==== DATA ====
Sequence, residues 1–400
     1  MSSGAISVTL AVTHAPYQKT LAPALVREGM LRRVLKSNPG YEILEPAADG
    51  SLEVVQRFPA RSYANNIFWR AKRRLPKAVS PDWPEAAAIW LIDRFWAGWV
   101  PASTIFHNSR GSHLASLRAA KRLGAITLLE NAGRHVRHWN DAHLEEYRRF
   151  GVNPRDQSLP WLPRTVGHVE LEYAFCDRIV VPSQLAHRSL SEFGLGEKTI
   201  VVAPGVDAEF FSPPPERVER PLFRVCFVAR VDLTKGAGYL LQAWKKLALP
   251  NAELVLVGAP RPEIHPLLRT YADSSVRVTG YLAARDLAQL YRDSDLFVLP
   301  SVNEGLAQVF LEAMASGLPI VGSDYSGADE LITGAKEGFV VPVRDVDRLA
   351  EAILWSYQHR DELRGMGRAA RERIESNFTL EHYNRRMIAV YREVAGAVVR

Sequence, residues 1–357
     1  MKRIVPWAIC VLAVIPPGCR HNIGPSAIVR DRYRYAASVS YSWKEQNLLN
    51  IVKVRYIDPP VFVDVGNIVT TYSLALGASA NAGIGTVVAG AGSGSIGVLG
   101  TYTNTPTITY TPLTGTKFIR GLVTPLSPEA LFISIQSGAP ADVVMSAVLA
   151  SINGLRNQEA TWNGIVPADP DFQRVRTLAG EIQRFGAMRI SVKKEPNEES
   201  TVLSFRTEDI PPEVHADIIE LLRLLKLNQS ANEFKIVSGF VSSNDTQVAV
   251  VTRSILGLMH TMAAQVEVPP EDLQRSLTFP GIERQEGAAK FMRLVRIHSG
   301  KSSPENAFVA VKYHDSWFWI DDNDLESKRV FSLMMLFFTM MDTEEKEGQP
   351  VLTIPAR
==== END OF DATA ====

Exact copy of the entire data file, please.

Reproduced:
Sequence, residues 1–400
     1  MSSGAISVTL AVTHAPYQKT LAPALVREGM LRRVLKSNPG YEILEPAADG
    51  SLEVVQRFPA RSYANNIFWR AKRRLPKAVS PDWPEAAAIW LIDRFWAGWV
   101  PASTIFHNSR GSHLASLRAA KRLGAITLLE NAGRHVRHWN DAHLEEYRRF
   151  GVNPRDQSLP WLPRTVGHVE LEYAFCDRIV VPSQLAHRSL SEFGLGEKTI
   201  VVAPGVDAEF FSPPPERVER PLFRVCFVAR VDLTKGAGYL LQAWKKLALP
   251  NAELVLVGAP RPEIHPLLRT YADSSVRVTG YLAARDLAQL YRDSDLFVLP
   301  SVNEGLAQVF LEAMASGLPI VGSDYSGADE LITGAKEGFV VPVRDVDRLA
   351  EAILWSYQHR DELRGMGRAA RERIESNFTL EHYNRRMIAV YREVAGAVVR

Sequence, residues 1–357
     1  MKRIVPWAIC VLAVIPPGCR HNIGPSAIVR DRYRYAASVS YSWKEQNLLN
    51  IVKVRYIDPP VFVDVGNIVT TYSLALGASA NAGIGTVVAG AGSGSIGVLG
   101  TYTNTPTITY TPLTGTKFIR GLVTPLSPEA LFISIQSGAP ADVVMSAVLA
   151  SINGLRNQEA TWNGIVPADP DFQRVRTLAG EIQRFGAMRI SVKKEPNEES
   201  TVLSFRTEDI PPEVHADIIE LLRLLKLNQS ANEFKIVSGF VSSNDTQVAV
   251  VTRSILGLMH TMAAQVEVPP EDLQRSLTFP GIERQEGAAK FMRLVRIHSG
   301  KSSPENAFVA VKYHDSWFWI DDNDLESKRV FSLMMLFFTM MDTEEKEGQP
   351  VLTIPAR